Alvarez & Marsal managing directors Richard Fleming and Mark Firmin have been appointed as CVA nominees.
As part of the CVA, AllSaints is proposing to pay turnover rent on most of its 41 UK stores and 42 North American stores.
A “small number of stores will close where business is not feasible”, the company said.
Creditors will vote on the proposal at meetings on 3 July for AllSaints USA and 6 July 2020 for AllSaints Retail in the UK.
AllSaints’ leases on its stores in the US and Canada are held in its AllSaints USA subsidiary. As the subsidiary is a UK registered and managed company, it is able to participate in the CVA process.
AllSaints said: “Applications to the US and Canadian courts have been made simultaneously with the launch of the ASUSA CVA, in order for the CVA to be recognised in both jurisdictions. If and when creditors approve the ASUSA CVA, follow-up recognition submissions will be made to both courts.
“As a result, while landlords in North America may be less familiar with the CVA process than landlords in the UK, they will be able to benefit from a successfully implemented CVA under both UK and US/Canadian law.”
“The following parties and creditors will not be compromised or impaired in any way by the CVA in North America: employees, suppliers, general unsecured creditors (other than landlords), secured lenders, tax claims held by any government unit or municipality, and parties to licences and contracts.”
Peter Wood, CEO of AllSaints, said: “We have taken this step in order to ensure the long-term viability of AllSaints in the face of the unprecedented impact that Covid-19 has had on our business and the wider fashion retail industry.
“The CVAs will allow us to sustain a strong physical retail presence, which in turn will allow us to protect jobs and continue to provide great product and service to our customers. Prior to the outbreak of the pandemic we were seeing increased demand for AllSaints in every part of the world in which we operate, and during lockdown we have continued to reach new customers via our online channels.”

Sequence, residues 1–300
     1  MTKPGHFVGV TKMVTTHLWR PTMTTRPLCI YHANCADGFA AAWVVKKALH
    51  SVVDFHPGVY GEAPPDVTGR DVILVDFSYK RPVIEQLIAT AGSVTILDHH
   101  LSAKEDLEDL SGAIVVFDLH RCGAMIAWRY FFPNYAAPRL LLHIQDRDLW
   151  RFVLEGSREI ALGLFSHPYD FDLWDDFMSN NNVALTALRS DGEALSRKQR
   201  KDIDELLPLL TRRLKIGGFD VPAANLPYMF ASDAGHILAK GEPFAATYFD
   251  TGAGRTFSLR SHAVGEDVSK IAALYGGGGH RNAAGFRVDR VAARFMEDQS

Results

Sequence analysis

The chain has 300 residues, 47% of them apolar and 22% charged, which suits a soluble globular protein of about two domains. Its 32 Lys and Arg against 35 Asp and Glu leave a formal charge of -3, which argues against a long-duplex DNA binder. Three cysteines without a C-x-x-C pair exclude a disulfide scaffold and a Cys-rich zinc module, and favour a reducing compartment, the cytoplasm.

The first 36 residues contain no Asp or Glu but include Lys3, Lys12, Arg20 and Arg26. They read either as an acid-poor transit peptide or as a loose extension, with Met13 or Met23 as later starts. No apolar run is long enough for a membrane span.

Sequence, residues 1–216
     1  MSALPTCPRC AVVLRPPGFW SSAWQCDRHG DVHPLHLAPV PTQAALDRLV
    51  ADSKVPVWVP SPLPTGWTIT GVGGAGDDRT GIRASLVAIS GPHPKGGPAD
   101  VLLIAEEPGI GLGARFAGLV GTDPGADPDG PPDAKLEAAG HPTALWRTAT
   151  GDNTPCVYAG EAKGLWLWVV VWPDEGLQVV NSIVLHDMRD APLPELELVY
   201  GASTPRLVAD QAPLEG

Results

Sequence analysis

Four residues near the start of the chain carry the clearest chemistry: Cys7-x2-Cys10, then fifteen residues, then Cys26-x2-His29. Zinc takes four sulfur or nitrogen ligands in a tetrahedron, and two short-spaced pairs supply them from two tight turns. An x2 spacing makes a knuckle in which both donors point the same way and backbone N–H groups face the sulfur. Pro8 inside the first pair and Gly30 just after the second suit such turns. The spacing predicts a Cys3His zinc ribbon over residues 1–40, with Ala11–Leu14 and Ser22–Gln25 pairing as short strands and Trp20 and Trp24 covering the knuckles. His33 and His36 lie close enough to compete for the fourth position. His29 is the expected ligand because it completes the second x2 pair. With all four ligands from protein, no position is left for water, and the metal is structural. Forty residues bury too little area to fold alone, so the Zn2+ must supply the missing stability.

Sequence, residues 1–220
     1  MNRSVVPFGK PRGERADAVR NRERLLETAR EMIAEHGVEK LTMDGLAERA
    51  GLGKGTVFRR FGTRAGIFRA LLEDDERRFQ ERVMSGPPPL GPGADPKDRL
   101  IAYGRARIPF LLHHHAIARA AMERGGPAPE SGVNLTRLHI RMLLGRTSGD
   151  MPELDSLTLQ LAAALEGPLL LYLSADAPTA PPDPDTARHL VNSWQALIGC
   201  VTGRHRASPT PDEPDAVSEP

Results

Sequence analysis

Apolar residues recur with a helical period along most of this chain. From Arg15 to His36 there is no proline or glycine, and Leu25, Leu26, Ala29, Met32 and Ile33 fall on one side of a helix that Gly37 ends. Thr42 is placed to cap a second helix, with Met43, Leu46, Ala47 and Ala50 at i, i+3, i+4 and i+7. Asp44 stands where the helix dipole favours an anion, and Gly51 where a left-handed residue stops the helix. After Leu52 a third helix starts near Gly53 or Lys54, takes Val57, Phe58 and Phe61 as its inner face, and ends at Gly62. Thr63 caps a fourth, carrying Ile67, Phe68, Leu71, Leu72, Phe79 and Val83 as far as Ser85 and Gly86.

AllSaints has 255 stores across 26 countries and more than 3,000 employees.
The retailer added: “Prior to the outbreak of the Covid-19 pandemic, AllSaints had delivered year-on-year revenue growth for five successive years. In its most recent financial year, ending 1 February 2020, it delivered sales growth in every region and across every channel in which it operates.
“However, the closure of the vast majority of the group’s retail estate around the world as a result of the pandemic has inevitably had a substantial and sudden impact on its short-term sales.
“AllSaints took immediate actions to mitigate the impact and reduce costs, including a range of measures to maximise online sales, as well as halting all discretionary spend and using government support where possible.
“While AllSaints is now beginning to reopen its stores around the world, it is doing so in the environment of an ongoing pandemic, with extensive social-distancing measures in place, and significant uncertainty around customer appetite to travel and shop in store.
“A compromise with the group’s creditors, via the CVAs, is therefore now required to ensure the viability of AllSaints’ business. This will enable the group to sustain a strong physical retail presence, which in turn will allow it to protect jobs and continue to serve its customers.”
AllSaints was founded in 1994 and has been owned by private equity investor Lion Capital since 2011.
AllSaints is being represented by law firms Kirkland & Ellis International in the UK, Kirkland & Ellis in the US and Blake Cassels & Grayson in Canada.